After their son's death, Matthew’s parents said that after their son’s death they were looking for an opportunity to memorialize him by developing an ongoing program linked to education and conservation. Connected through a former Friends board member, the Winthrops and Friends staff explored ideas over several meetings with Friends staff before hitting on the concept of exposing students to the Gorge and giving them a foundation for being good environmental stewards.
"Matt loved the Gorge—its expanse, its beauty, and its vistas," the Winthrops wrote to Friends recently. "Hiking and camping in the Gorge energized him. As an anthropology major, he was attracted to the Native American history and lore of the region. Each time we go on the Wahoo, we know Matt would love the experience the students are having. It makes our hearts happy to see it continue. It's our way of honoring Matt and building hope for the future generations."
The impact of the experience lasts, too. Former students, some now in college, have told St. Andrews faculty and staff about fond memories made in the Gorge. “They love these trips,” said Park. “At the end of the year, I ask them about their favorite part of the year, and often it’s the Gorge trip.”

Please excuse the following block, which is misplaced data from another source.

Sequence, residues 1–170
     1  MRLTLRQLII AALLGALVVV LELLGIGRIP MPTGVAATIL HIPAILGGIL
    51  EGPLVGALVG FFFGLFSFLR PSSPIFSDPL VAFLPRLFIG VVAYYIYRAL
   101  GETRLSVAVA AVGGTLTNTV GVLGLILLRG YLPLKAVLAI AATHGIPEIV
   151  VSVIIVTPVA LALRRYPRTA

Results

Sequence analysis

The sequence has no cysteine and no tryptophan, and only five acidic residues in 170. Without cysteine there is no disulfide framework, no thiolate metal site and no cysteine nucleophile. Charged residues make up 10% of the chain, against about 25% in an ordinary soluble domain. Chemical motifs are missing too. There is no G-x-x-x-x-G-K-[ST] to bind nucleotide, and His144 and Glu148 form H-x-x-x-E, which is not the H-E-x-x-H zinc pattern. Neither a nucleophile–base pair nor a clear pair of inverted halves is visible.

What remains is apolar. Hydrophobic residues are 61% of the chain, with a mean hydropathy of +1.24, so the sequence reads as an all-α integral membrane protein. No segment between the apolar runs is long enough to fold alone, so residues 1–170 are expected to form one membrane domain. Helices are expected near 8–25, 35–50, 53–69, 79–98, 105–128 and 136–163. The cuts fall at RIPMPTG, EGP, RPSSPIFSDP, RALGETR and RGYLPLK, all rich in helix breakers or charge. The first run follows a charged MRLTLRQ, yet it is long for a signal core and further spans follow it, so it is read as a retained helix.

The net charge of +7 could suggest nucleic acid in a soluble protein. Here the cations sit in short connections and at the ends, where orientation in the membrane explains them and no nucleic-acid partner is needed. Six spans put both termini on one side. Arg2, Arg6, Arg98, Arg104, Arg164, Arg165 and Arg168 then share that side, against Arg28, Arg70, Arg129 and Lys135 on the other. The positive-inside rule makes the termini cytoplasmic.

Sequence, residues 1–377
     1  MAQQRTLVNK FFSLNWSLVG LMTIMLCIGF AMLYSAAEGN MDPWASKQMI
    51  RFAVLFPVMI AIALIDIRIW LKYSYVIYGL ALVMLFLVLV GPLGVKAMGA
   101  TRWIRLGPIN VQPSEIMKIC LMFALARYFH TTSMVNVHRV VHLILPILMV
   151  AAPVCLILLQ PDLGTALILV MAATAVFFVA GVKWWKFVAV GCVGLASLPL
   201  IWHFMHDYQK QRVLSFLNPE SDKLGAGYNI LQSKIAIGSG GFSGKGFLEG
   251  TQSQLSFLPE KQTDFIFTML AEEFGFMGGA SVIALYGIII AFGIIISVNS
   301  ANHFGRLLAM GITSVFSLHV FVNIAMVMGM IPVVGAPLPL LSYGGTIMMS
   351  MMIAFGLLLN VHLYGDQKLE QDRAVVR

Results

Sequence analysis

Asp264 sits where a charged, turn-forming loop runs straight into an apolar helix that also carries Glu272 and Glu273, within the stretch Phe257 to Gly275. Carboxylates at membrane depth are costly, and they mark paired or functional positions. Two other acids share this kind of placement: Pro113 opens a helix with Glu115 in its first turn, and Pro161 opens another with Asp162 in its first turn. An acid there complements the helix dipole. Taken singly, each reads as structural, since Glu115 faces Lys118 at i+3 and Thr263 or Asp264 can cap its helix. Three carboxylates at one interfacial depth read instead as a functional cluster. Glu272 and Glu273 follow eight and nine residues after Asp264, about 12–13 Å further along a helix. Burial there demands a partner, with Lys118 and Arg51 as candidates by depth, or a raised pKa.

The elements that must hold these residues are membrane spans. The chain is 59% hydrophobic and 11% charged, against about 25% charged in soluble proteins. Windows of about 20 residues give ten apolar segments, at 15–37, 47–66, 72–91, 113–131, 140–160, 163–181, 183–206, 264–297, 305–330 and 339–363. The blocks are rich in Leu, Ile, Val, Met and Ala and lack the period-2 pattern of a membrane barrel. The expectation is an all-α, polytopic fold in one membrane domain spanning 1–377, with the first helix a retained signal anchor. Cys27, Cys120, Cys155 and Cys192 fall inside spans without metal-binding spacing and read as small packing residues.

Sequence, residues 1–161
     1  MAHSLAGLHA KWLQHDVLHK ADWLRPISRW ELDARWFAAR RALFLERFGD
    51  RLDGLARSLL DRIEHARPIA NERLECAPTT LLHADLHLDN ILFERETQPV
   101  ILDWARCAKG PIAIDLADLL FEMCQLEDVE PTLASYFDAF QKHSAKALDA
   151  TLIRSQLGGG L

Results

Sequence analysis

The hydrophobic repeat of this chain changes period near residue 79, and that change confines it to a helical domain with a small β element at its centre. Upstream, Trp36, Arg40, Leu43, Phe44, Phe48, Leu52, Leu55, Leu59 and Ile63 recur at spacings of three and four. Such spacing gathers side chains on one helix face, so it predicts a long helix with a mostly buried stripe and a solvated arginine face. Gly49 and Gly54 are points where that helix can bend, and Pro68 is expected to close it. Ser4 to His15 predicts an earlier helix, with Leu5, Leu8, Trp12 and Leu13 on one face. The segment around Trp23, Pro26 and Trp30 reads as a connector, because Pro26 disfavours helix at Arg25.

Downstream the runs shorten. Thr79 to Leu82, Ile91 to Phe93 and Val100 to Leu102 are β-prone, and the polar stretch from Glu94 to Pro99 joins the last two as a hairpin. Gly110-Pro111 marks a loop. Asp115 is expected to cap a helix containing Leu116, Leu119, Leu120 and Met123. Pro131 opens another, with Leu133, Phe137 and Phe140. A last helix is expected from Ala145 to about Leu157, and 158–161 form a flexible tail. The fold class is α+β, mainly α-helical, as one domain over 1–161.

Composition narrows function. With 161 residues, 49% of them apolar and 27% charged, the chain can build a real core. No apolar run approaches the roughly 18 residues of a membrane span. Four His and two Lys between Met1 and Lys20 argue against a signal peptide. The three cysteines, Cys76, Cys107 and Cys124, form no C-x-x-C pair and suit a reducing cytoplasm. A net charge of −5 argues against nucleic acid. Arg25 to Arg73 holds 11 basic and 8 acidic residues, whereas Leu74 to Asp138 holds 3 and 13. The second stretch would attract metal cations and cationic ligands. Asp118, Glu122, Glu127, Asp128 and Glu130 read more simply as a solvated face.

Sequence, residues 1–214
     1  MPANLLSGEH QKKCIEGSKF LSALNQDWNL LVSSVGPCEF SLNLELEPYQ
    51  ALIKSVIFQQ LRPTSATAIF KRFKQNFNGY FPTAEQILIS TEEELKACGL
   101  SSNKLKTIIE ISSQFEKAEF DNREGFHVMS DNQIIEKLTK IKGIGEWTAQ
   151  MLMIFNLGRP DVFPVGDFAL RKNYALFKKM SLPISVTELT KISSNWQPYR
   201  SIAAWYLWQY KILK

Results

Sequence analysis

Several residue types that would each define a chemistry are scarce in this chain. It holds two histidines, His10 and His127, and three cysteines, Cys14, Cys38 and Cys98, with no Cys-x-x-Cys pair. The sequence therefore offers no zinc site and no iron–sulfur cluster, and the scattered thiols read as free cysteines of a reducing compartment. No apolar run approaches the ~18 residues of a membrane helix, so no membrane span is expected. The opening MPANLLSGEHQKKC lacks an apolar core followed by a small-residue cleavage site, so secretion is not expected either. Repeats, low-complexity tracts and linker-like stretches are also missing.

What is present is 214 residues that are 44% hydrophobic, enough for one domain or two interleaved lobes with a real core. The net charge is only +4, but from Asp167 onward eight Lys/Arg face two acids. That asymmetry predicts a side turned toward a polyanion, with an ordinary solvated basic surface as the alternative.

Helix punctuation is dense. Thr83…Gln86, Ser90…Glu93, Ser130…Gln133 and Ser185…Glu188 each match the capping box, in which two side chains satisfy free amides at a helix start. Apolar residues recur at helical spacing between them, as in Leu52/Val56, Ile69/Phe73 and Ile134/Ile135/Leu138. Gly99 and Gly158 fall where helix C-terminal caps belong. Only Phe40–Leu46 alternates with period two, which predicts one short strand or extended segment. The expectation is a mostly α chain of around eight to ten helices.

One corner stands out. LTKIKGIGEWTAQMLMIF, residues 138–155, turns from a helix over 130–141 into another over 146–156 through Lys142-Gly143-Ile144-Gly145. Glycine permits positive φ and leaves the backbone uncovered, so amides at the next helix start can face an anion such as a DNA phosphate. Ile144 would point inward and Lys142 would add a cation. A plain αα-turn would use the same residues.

"A lot of these kids come from tough circumstances," Nobles said. "Many are already wary and watchful, but I see them getting excited as they compete in the scavenger hunt, dare each other to lick slugs, stand in awe in the misty spray of a waterfall, or ogle the fish ladder at Bonneville Dam. It's so rewarding to watch as these kids enjoy their special day."
Memories of the outdoor education experience linger, too. Park reached out to former students, some of whom now attending college, for their reflections. A few responses hint at a lasting influence:
For many of us, it was the first time we were taken into nature and exposed to hiking and appreciating the world around us. Now, I am a leader of the hiking club at my school.
The Gorge trip was an amazing time where I was able to appreciate the beauty of nature. It was also where I learned how one can really grow closer to others in a place away from all the screens.
The Gorge …allows you to look at the natural beauty our home has to share and give us so effortlessly. Working with the Audubon Society allows me to put myself in spaces such as our Gorge, clear my conscience, and appreciate life through another perspective.